(Right now, I’m focusing on my memoirist work that I’ll call, simply, “Pictures of Tommy” -- mostly about my psychotic brother and his legacy. It touches on my fears, too. Here’s the part that I talk about my experience growing up, and some of the factors contributing to my early teen breakdown. . . This is the painful stuff for me, bad choices, stupid moves. . .)
Growing up Catholic and with a conflicting need to confess and self protect, there are times I’ll blab things that are perhaps too personal. IN a memoirist or any kind of really intense writer, that’s good. On the other hand, like that marvelous saying, “When in doubt, don’t.” That is why I’m gonna hold back now. . . but I’ll hint at stuff; that will have to suffice.
The senior boys at Bishop Reilly thought that I was “interesting” indeed: a chubby/zaftig, spirited, overly friendly young woman with long straight brown hair, big brown eyes, clear skin, precocious vocabulary. I wore lots of mascara and, of course, had that very adorable plaid Catholic schoolgirl skirt that I hiked up to mid-thigh once I left the girl’s side of Bishop Reilly High School.
I went on dates with a few of them, and also met an older guy who had a car. We drove to Jones Beach in March or April of my freshman year at Reilly, made out a lot. It was very cold, and not comfortable. I just remember him paying me the compliment, “You don’t kiss like a 14-year-old.”
A month later, I got very sick, with “mononucleosis,” the kissing disease. Catching mono meant I was not only very sick but also highly contagious and so, I was out of school for several months. Then, when I got back to school, there only a few weeks of school were left. I was OK catching up with the schoolwork, but I HATED Bishop Reilly and didn’t want to continue.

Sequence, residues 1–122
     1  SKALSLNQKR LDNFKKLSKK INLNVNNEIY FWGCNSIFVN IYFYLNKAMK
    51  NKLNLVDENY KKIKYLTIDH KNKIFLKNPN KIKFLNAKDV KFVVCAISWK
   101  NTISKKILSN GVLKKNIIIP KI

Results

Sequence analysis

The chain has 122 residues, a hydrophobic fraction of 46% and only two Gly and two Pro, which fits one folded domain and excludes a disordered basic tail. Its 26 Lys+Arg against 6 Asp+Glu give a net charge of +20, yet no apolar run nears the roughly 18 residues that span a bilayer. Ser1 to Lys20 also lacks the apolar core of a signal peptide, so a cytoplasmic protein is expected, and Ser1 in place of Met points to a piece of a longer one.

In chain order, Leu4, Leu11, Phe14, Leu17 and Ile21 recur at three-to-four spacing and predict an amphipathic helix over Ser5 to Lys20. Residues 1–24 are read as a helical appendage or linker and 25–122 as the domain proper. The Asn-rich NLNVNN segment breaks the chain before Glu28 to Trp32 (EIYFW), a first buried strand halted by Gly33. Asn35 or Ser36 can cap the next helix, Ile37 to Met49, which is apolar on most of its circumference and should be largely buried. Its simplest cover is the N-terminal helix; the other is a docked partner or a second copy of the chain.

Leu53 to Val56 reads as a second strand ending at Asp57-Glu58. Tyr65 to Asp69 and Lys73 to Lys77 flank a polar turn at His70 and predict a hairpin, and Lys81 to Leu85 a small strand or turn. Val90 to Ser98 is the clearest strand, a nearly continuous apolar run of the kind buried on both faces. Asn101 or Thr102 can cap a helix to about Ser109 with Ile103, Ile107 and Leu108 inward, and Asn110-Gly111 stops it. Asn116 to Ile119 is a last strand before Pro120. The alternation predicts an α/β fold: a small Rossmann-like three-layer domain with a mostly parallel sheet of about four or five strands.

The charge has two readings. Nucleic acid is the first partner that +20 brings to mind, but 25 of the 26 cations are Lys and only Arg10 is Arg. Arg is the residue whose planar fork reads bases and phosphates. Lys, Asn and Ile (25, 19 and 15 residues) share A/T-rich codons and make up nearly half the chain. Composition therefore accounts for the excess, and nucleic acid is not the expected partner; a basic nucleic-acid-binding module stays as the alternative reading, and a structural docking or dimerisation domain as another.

I’d met a pretty messed up guy who I thought was really cute, named Jonathan, at a program at the Samuel Field Y in Little Neck. The program was for kids who were acting wild, and offered counseling and group therapy for wayward youth. Being very concerned about me, my mom drove me there twice a week, once to see Mel Goldstein for one-on-one talks, and another time for group sessions with other kids. Mom meant well, but meeting Jonathan sealed my fate and sent me in a direction in life that I’d probably have been better off steering clear of.
It was then I realized my kinship with the Jews; I loved that whole gemutlicheit, everything about Jewish culture. There’s that warmth, intellectualism, love of books, self-deprecating sense of humor. And best of all -- the guys are generally into “shiksas” -- the non-Jewish girls. Although not a blue-eyed blonde shiksa, I had a cute nose and boobs. They dug it. And I liked being around non-Catholics. I found my people. . . or so I thought.